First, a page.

Voice from the Past: "Victory is Sufficiently Complete...Victory is Lost"
Our sesquicentennial celebration of the Battle of Shiloh continues with an excerpt from Confederate Colonel S.H. Lockett's account of the battle printed in Battles and Leaders. It recalls how quickly the tide turned for the southern forces.
…I witnessed the various bloody and unsuccessful attacks on the "Hornet's Nest." During one of the dreadful repulses of our forces, General Bragg directed me to ride forward to the central regiment of a brigade of troops that was recoiling across an open field, to take its colors and carry them forward. "The flag must not go back again," he said. Obeying the order, I dashed through the line of battle, seized the colors from the color-bearer, and said to him, "General Bragg says these colors must not go to the rear." While I was talking to him the color-sergeant was shot down. A moment or two afterward I was almost alone on horseback in the open field between the two lines of battle. An officer came up to me with a bullet-hole in each cheek, the blood streaming from his mouth, and asked, "What are you doing with my colors, sir?" "I am obeying General Bragg's orders, sir, to hold them where they are," was my reply. "Let me have them," he said. "If any man but my color-bearer carries these colors, I am the man. Tell General Bragg I will see that these colors are in the right place. But he must attack this position in flank; we can never carry it alone from the front." It was Colonel H. W. Allen, afterward Governor Allen of Louisiana. I returned, miraculously preserved, to General Bragg, and reported Colonel Allen's words. I then carried an order to the same troops, giving the order, I think, to General Gibson, to fall back to the fence in the rear and reorganize. This was done, and then General Bragg dispatched me to the right, and Colonel Frank Gardner (afterward Major-General) to the left, to inform the brigade and division commanders on either side that a combined movement would be made on the front and flanks of that position. The movements were made, and Prentiss was captured.
As Colonel William Preston Johnston says, that capture was a dear triumph to us-dear for the many soldiers we had lost in the first fruitless attacks, but still dearer on account of the valuable time it cost us. The time consumed in gathering Prentiss's command together, in taking their arms, in marching them to the rear, was inestimably valuable. Not only that; the news of the capture spread, and grew as it spread; many soldiers and officers believed we had captured the bulk of the Federal army, and hundreds left their positions and came to see the "captured Yanks." But after a while the Confederates were gotten into ranks, and a perfect line of battle was formed, with our left wing resting on Owl Creek and our right on the Tennessee River. General Polk was on the left, then Bragg, then Hardee, then Breckinridge. In our front only one single point was showing fight, a hill crowned with artillery. I was with General Bragg, and rode with him along the front of his corps. I heard him say over and over again, "One more charge, my men, and we shall capture them all." While this was going on a staff-officer (or rather, I think it was one of the detailed clerks of General Beauregard's headquarters, for he wore no uniform) came up to General Bragg, and said, "The General directs that the pursuit be stopped; the victory is sufficiently complete; it is needless to expose our men to the fire of the gun-boats." General Bragg said, "My God, was a victory ever sufficiently complete?" and added, "Have you given that order to any one else?" "Yes, sir," was the reply, "to General Polk, on your left; and if you will look to the left, you will see that the order is being obeyed." General Bragg looked, and said, "My God, my God, it is too late!" and turning to me, he said, "Captain, carry that order to the troops on the right"; and to Captain Frank Parker, "You carry it to the left." In a short time the troops were all falling back-and the victory was lost. Captain Parker and myself were the only members of General Bragg's staff who were with him at that time. Captain Parker, I think, is still living in South Carolina, and will surely remember all that I have narrated…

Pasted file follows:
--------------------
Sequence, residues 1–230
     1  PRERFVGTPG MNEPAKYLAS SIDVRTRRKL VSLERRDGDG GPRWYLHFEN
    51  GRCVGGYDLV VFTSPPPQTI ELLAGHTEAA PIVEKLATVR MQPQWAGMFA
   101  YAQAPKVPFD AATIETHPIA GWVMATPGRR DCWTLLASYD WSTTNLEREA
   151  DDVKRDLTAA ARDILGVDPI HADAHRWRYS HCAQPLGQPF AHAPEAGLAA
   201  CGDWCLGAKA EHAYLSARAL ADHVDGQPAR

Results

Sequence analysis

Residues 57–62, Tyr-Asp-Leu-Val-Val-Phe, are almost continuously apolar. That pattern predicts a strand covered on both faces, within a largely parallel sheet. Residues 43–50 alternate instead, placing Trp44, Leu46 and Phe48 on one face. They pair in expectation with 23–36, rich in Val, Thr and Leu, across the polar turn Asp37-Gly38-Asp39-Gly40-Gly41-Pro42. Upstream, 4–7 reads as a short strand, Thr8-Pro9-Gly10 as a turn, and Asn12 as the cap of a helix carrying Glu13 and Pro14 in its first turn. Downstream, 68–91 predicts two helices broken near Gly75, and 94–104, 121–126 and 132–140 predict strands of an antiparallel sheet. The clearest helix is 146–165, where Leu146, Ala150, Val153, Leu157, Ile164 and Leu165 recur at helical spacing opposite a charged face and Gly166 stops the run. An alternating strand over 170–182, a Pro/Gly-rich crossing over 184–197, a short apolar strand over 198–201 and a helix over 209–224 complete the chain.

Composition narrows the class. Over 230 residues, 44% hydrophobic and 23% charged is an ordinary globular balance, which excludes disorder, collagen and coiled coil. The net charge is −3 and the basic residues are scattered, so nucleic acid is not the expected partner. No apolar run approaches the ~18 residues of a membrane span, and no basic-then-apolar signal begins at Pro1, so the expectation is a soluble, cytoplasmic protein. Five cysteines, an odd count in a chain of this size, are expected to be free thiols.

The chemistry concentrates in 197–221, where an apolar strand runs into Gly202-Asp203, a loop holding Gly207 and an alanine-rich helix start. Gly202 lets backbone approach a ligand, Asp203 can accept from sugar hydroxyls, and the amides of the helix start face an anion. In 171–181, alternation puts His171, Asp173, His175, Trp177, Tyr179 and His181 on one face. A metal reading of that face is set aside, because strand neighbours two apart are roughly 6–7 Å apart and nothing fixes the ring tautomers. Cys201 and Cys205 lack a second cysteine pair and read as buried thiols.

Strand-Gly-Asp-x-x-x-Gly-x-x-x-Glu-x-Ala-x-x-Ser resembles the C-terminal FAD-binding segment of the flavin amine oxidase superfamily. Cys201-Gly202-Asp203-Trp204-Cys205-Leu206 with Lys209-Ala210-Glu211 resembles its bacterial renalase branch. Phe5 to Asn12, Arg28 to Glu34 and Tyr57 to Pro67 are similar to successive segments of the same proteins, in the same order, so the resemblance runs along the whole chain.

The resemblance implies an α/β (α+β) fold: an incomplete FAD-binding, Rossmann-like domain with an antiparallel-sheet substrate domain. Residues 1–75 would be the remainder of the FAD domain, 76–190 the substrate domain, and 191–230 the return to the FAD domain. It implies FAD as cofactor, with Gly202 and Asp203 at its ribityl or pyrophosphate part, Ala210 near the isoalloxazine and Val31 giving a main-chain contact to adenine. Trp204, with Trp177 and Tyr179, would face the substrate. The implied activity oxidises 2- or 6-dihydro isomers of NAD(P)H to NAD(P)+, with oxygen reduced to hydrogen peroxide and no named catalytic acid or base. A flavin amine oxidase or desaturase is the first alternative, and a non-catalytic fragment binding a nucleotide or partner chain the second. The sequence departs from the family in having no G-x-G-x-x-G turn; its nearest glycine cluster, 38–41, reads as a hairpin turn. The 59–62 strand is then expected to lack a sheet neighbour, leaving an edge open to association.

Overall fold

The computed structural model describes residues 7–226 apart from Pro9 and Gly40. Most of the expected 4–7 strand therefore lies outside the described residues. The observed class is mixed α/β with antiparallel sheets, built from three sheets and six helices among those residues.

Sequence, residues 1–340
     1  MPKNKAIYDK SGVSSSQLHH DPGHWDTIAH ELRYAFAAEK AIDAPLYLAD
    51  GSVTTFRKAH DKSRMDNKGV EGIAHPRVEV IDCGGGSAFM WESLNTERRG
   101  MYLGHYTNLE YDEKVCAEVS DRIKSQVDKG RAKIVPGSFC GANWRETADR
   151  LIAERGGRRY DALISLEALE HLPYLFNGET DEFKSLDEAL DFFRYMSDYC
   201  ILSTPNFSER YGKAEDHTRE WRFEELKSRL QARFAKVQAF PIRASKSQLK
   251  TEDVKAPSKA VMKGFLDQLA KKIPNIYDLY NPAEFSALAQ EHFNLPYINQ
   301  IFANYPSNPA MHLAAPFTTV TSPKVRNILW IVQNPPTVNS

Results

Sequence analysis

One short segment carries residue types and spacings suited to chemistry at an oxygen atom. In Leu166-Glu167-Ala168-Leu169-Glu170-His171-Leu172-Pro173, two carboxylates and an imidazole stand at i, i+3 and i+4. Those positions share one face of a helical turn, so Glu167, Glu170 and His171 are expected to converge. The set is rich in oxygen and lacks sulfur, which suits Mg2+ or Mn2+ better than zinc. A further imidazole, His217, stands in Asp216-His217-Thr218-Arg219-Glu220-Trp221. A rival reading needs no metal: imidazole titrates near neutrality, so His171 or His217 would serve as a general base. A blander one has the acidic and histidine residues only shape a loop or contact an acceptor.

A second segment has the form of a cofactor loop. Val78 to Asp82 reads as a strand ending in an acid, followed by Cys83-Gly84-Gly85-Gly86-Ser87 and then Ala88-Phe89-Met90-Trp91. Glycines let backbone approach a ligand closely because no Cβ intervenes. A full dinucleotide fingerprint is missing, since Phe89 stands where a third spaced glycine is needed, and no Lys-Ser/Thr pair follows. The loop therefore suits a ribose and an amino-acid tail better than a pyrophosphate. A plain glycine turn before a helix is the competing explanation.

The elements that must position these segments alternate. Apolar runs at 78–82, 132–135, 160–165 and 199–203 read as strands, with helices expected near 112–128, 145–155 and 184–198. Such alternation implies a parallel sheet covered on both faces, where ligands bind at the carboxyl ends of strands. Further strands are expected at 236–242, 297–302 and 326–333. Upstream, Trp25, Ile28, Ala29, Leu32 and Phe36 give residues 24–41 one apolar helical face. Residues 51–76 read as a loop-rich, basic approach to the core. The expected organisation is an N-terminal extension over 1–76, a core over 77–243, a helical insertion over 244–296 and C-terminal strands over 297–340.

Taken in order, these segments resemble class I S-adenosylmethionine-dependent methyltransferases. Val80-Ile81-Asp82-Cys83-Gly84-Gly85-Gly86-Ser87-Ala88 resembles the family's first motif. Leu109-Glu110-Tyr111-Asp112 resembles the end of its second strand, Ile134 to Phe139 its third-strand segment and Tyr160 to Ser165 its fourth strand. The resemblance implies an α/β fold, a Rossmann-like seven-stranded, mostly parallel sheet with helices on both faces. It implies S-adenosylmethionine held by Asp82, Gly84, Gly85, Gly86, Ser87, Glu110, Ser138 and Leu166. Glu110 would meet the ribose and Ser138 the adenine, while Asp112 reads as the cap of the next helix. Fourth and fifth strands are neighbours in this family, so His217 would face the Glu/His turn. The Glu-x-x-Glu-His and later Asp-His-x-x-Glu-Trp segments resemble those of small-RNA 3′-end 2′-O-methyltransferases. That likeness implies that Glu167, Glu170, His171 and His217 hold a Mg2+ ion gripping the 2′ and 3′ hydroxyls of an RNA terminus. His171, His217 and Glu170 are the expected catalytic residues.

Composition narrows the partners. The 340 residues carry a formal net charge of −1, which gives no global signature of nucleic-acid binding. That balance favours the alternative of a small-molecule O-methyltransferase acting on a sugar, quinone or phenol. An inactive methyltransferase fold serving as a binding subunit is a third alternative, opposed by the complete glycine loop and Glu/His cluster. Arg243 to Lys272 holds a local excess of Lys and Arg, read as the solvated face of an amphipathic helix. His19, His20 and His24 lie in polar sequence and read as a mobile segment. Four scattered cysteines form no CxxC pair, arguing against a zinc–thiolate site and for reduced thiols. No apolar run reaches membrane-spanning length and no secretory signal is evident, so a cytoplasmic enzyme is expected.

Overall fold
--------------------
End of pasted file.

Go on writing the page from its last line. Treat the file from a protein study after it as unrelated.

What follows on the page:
Source: Lockett, S.H. “Surprise and Withdrawl at Shiloh” in Battles and Leaders, Volume 1. New York: The Century Co., 1887.
Image Credit: Harper’s Weekly, May 3, 1862.